Passenger train performance during the strictest parts of lockdown improved dramatically, as the number of trains running dropped significantly and carried fewer passengers.
Figures published by the Office of Rail and Road on September 17 reveal that the percentage of trains arriving at station stops ‘on time’ was 86.4% in April-June 2020 (Q1 2020-21), an increase of 17.1 percentage points (pp) compared with the corresponding period in 2019-20.
‘On time’ is recorded as early or less than one minute after the scheduled arrival time, and it was the highest figure since the time series began in 2014-15.
Following the introduction of lockdown, rail services began to be withdrawn on March 23, and again one week later (RAIL 902). Ticket sales dropped by 98% compared with the start of the pandemic. The first service uplift was on May 18.
The dramatic improvement in performance is offset by ORR statistics showing that just 1.2 million trains were planned across the UK during April-June - down 36.7% compared with the corresponding period last year, and the lowest number planned in a quarter since ORR data records began in 1997-98.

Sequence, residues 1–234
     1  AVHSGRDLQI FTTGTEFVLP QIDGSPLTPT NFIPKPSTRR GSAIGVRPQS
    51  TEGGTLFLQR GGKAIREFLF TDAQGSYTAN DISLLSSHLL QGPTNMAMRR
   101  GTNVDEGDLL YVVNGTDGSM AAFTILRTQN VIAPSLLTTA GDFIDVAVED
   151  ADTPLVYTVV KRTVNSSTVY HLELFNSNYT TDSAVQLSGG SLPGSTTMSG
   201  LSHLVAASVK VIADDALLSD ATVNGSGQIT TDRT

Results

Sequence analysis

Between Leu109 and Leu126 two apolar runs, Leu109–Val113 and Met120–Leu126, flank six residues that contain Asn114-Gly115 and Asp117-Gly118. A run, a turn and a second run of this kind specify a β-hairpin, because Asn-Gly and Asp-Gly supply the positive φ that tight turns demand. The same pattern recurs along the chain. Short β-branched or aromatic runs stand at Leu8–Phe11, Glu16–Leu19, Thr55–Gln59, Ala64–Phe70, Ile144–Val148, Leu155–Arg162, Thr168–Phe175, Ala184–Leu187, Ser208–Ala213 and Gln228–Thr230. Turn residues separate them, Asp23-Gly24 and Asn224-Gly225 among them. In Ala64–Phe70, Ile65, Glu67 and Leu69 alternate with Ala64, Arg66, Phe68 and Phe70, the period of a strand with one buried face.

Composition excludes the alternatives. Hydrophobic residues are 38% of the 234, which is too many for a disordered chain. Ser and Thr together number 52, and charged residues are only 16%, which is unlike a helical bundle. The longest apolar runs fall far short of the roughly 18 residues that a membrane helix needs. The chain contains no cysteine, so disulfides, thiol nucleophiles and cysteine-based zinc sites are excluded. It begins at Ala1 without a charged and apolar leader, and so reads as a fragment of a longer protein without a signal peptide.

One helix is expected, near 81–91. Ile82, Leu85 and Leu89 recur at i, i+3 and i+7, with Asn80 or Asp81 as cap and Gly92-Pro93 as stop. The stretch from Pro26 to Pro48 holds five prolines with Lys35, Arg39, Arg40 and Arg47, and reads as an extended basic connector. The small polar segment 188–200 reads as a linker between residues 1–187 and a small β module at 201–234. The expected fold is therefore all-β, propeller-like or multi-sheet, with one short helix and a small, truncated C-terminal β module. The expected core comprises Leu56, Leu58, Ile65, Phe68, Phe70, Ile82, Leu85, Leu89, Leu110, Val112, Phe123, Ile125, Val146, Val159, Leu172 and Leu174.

National train delay minutes also fell by 68% compared with Q1 2019-20, while delay minutes caused by train operating companies (TOCs) was down by 75%.
Of the cancellations that did occur in Q1, 42.6% were TOC-attributable. Network Rail was held accountable for 39.5% of cancellations through network management issues, and 17.9% was down to external incidents such as severe weather and trespassing.
As for operators, LNER’s On Time performance in Q1 2020-21 rose by 36.8pp compared with Q1 2019-20 (to 83.3% overall). TransPennine Express was next with a 32.7pp improvement (to 78.1%) and CrossCountry with 27.7pp improvement (to 79.3%).
- For the FULL story, read RAIL 915, published on October 7, and available digitally from October 3.